Morrant’s artwork brings to the surface yet another dimension that is largely and meticulously hidden, the environmental impact of our body waste as it is transported through waste-water networks. Networks that connect toilets and our daily bodily needs (stool to stool) with advanced facilities and large bodies of water such as the sea, where waste-water treatment works such as Seafield, in Leith, end up disposing the processed but not-quite-clean water that results from the handling of our body wastes. Morrant’s project moreover questions the idea of waste itself. Through our conversations I learned that Leith’s plant turns human waste into enough biogas to power part of the plant (and even to send some energy back to the grid), as well as high quality fertiliser from the sludge, known as ‘cake’, generated by the plant. Our nasty waste, while wasting fresh water, is eventually turned into a valuable asset.

As part of his project, Morrant also transformed Portobello’s beach into an improvised sculpting studio and open-air exhibition space. Through a performative workshop, passers-by were invited to contribute by making their own toilet-shaped sculptures out of sand, while collectively reflecting upon their personal contribution to communal waste and the broader connection between consumption, consumerism, waste, and pollution. Built on the shore of an area that used to mass produce ceramic toilets, the handcrafted sand toilets became ephemeral testimonies of Portobello’s history and development, as well as of our environmental impact, ultimately flushed away by the tide, into the same waters that receive the processed waters from Edinburgh citizens’ toilets but, this time, leaving no discernible material traces.

Morrant’s intention of making invisible connections and infrastructures strikingly apparent is shared by the contemporary virtual re-enactment of a water clock and the installation developed by artist collective Huniti Goldox in their project Measuring Times through the Fall of Water. Picture yourself inside a quiet dark room with a wall-mounted screen to the left of the entrance door, and a projection on the adjacent wall, to the right. The screen, rotated to vertical, shows lush plants growing in and around a water clock, in an otherwise blue environment full of mineral, vegetal, and animal forms. The imaginative composition presents a hybrid world, where organic and mechanical entities intersect in sinuous shapes. It all might feel a bit too abstract at first, as it did to me, but the video installation acts as a manual that offers cues to understand and transcend the meaning of the virtual clock. The texts do not escape the watery fantasy. Water drops continuously trickling, rippling the screen, blurring the words, making them transient messages in liquid platforms, subverting the traditional perception of written words as enduring inscriptions. A piece of text describes the movement of water through the clock as both a silent dialogue and a journey. The dialogue transcends Western understandings of communicative processes and opens the door to alternative forms of communication. Additionally, the idea of the journey assigns intentionality, and therefore a certain agency to the water, giving it a destination to reach, a goal to achieve.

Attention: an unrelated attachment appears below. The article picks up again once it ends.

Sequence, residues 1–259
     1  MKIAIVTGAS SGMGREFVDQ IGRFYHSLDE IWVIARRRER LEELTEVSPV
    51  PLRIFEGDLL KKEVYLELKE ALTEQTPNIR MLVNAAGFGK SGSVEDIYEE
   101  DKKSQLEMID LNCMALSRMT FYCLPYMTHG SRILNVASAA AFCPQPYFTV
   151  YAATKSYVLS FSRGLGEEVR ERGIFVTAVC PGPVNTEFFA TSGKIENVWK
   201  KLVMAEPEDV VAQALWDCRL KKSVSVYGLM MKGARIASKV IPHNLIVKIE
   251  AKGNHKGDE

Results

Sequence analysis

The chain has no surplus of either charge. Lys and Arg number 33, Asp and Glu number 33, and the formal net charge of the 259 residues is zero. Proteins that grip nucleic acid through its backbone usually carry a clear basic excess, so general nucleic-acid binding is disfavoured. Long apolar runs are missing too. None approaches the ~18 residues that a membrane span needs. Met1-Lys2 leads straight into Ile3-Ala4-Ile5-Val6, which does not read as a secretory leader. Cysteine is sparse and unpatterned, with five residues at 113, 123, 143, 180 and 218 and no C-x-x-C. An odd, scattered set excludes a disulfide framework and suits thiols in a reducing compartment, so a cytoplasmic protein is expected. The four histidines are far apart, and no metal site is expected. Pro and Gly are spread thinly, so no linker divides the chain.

Huniti Goldox are drawn to ancient water clocks for their role in time-keeping, rather than just time-measuring. Such instruments were moreover often decorated with birds. In reconceptualising this technology, Huniti Goldox use, as a marker of time, the figurine of a kingfisher (or eisvogel, for they use the German term in their work, literally meaning ‘ice bird’), a bird of rivers and streams—currently endangered in some parts of the world. Their water clock becomes an ecosystem, constantly evolving while enhancing the existence of multiple life forms. The clock’s functioning, according to the artists, is based on the interconnectedness of the natural elements, which mirror the elements used in the clock. This interconnectivity, together with the rejection of clocks as mere measuring artifacts, is intended to contrast with and challenge the current capitalist logic of accumulation.

The clock’s hybridity and the narrative woven around it in the video installation and the accompanying booklet embrace plentiful historical periods, cultural dimensions and geographical locations. Water clocks from Ancient Egypt and the Islamic Golden Age depicted in the booklet contrast with the virtual clock on the screen, while images of arid regions alternate with a mention to the Pleiße river in Germany and the star Suhail (or Canopus)—a primary navigational star, especially in the southern hemisphere where it is most visible, marking the end of the summer in Arab cultures, and in the Arabian Peninsula in particular—the physical and the astral planes also connected through the flow of water.

Isabel 4 Huniti Goldox Measuring time by the fall of water Art Walk Porty 2023 photo Sally Jubb
Huniti Goldox, ‘Measuring time by the fall of water’, installation, 2023. Photo: Sally Jubb